‘Humanae Vitae’: 40 Years Later
July 18, 2008
I’d like to point out a few things to keep in mind as you read it. There are any number of beautiful lessons in “Humanae Vitae” that are often forgotten or misunderstood. First and foremost, many assume that Pope Paul VI somehow “created” church teaching on artificial birth control in light of the development and widespread distribution of the birth control pill in the 1960s.
Actually, Pope Paul VI reaffirmed church teaching on artificial contraception that is as old as the church. Long before the 1960s, the teaching of the church itself was absolutely clear — and absolutely constant — for century after century: “The church ... in urging the observance of the natural law, which it interprets by its constant doctrine, teaches that each and every marital act must of necessity retain its intrinsic relationship to the procreation of human life” (11).
“Humanae Vitae” was actually confirmation of common practice among married couples, not a banning of a practice widely in use. In fact, it was only in 1965 that the Supreme Court struck down laws preventing the sale of artificial contraception to married couples (and only five years before similarly striking down laws against abortion).
Though the advent of the birth control pill had made contraception more widespread, the contraceptive culture — so prevalent today with all its terrible consequences — was not nearly as prevalent at the time Pope Paul VI wrote “Humanae Vitae.”
There was also a free-floating idea when “Humanae Vitae” was published that Pope Paul VI was establishing only church practice, like Lenten regulations on fasting. This critique tried to define “Humanae Vitae” as putting in place a discipline that could change. This is simply not true. As Paul VI made clear, contraception violates the nature and purpose of the human sexual act, the dignity of the human person and stands in contradiction to “the objective moral order which was established by God” (10). In other words, the teaching that contraception is wrong is not a man-made rule by the church. Like all moral teaching on marriage, it is a teaching based on “the natural law as illuminated and enriched by divine revelation” (4).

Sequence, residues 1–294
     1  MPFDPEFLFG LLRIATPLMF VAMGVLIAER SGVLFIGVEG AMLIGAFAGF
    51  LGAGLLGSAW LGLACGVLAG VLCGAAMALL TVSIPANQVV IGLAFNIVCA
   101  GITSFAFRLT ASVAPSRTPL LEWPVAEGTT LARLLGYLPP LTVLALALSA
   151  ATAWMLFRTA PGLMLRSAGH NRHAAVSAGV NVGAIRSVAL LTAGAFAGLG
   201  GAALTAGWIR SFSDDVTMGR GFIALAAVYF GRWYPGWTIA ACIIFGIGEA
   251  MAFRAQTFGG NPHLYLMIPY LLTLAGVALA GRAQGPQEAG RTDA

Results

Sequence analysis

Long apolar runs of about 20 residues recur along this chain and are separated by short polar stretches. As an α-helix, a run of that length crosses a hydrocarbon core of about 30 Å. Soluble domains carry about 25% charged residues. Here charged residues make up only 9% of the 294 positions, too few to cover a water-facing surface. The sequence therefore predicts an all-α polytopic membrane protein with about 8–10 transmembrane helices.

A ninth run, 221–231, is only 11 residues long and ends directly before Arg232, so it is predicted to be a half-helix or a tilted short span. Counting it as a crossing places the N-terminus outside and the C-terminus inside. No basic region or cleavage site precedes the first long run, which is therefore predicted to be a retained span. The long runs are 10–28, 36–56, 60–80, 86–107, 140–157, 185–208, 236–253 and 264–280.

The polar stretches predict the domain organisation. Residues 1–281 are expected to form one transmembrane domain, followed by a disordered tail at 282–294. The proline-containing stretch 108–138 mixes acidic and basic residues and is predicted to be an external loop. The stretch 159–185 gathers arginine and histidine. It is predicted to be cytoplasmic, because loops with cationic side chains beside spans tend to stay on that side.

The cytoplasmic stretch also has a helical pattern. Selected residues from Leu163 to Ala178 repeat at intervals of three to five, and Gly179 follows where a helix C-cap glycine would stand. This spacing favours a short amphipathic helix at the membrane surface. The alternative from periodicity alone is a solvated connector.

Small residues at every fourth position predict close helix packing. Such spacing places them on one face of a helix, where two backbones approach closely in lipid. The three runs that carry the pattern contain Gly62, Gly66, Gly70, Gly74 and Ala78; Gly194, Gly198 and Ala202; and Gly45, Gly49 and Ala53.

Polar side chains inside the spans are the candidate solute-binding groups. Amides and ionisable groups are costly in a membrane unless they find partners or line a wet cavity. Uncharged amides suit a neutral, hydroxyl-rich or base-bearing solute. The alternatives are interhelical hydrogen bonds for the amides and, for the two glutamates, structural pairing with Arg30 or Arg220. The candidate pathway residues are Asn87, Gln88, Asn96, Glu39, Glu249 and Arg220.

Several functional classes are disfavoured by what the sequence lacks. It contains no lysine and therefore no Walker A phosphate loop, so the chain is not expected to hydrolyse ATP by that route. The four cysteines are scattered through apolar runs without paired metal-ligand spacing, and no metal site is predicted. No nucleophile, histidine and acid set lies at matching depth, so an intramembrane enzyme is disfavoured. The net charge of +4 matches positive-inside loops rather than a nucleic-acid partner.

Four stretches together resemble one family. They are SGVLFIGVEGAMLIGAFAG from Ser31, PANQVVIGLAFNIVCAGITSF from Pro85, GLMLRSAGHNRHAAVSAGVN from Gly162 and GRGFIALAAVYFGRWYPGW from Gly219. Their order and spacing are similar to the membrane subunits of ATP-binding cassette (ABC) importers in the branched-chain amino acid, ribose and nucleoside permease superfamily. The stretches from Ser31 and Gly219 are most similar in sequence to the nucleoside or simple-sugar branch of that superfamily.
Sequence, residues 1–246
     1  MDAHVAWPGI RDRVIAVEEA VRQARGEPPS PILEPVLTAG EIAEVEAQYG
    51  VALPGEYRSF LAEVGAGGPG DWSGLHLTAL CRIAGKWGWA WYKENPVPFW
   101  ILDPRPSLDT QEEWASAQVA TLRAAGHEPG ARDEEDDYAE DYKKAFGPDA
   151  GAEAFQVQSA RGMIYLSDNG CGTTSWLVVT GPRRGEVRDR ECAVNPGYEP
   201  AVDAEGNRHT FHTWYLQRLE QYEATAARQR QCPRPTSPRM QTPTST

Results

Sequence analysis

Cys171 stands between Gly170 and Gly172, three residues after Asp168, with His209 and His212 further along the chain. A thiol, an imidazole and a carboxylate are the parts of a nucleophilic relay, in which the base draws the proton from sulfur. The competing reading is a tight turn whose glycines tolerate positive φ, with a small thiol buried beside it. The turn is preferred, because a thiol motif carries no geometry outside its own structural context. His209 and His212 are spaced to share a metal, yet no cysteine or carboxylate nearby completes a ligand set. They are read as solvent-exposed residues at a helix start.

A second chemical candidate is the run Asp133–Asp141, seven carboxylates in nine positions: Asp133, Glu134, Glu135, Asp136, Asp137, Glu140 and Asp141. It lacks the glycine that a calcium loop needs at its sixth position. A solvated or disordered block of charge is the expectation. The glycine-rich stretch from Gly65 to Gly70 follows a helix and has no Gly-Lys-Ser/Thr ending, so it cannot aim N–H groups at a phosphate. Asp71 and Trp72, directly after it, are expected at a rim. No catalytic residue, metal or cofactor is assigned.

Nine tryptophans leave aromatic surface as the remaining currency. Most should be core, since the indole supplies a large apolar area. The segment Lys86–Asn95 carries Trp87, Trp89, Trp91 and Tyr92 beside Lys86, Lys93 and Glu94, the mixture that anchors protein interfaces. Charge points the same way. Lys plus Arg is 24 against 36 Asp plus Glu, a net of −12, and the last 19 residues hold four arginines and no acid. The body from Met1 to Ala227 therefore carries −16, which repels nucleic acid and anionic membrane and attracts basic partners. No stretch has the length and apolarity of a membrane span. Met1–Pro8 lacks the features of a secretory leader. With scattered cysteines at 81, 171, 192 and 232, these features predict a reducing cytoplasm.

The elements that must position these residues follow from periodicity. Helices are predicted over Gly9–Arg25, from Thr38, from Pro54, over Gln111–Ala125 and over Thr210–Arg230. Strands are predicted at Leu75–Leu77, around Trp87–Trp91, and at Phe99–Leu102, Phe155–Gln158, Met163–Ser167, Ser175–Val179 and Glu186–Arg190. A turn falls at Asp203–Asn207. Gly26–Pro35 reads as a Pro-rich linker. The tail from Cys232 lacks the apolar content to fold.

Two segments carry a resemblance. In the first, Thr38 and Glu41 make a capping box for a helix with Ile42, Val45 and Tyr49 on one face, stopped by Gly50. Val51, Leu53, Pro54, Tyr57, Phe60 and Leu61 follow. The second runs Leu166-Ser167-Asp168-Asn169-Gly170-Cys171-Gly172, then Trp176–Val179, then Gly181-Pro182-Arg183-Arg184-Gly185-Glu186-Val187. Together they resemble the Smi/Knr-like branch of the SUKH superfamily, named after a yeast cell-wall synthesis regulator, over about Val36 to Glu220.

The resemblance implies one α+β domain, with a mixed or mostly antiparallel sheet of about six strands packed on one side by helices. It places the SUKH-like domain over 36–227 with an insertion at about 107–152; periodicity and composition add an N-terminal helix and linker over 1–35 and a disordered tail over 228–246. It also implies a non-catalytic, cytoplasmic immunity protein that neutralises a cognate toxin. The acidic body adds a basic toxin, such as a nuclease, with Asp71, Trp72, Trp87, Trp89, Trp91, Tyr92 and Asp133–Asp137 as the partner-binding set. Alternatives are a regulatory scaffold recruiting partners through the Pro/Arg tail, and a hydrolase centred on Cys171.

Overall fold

Many people point to what has taken place in society in the past 40 years as proof of the accuracy of Pope Paul’s encyclical, and the Holy Father certainly warned of the consequences of the contraceptive culture. He warned of governments mandating the number of births and the consequences to marital relationships and the general moral standards of society (or lack thereof) once contraception becomes common practice. One look at ... the divorce rates, the horror of abortion, the skyrocketing number of out-of-wedlock births, the pornographic exploitation of the human person, the sexualizing of children, the desensitization toward individual human dignity … and the prophetic nature of “Humanae Vitae” becomes obvious.
But it is also important to remember that the church in its constant teaching and Pope Paul VI in his reaffirmation of that teaching did not condemn the use of contraception because of its consequences. The use of artificial contraception isn’t wrong because it could lead to bad things. It is bad in and of itself.
Pope Paul spelled out so clearly in “Humanae Vitae” how this teaching is rooted in God’s loving design. What is at the heart of “Humanae Vitae” is the true meaning of married love.
“Married love,” the Holy Father wrote, “reveals its true nature and nobility when we realize that it takes its origin from God, who ‘is love’ ... Marriage, then, is far from being the effect of chance or the result of the blind evolution of natural forces. It is in reality the wise and provident institution of God the Creator, whose purpose was to elect in man his loving design. As a consequence, husband and wife, through that mutual gift of themselves, which is specific and exclusive to them alone, develop that union of two persons in which they perfect one another, “cooperating with God in the generation and rearing of new lives” (8).
So important is that marital bond, the Holy Father wrote, that it is “invested with the dignity of a sacramental sign of grace, for it represents the union of Christ and his church” (8).
The Diocese of Pittsburgh is committed to the teachings so beautifully contained in Pope Paul’s marvelous encyclical. Our diocesan-wide natural family planning classes are one part of that commitment, as well as our rich catechesis that confirms this clear and constant teaching.
“Humanae Vitae”: Forty years later. If you have never studied this vital encyclical, give it a careful and serious read. Its timeless message offers more than just food for thought: it offers a recipe for God-like love!
Read “Humanae Vitae” by going to www.pittsburghcatholic.org and clicking on the button.